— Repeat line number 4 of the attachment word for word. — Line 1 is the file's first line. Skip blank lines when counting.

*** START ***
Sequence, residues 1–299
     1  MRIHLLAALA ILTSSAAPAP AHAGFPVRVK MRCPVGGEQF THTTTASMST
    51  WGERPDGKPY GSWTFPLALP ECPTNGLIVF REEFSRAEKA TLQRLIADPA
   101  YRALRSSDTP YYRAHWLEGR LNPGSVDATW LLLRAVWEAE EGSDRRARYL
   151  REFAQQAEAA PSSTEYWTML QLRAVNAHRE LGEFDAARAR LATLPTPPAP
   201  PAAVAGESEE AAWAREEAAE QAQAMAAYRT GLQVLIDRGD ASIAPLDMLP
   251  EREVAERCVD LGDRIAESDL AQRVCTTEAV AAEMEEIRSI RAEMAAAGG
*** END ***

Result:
   101  YRALRSSDTP YYRAHWLEGR LNPGSVDATW LLLRAVWEAE EGSDRRARYL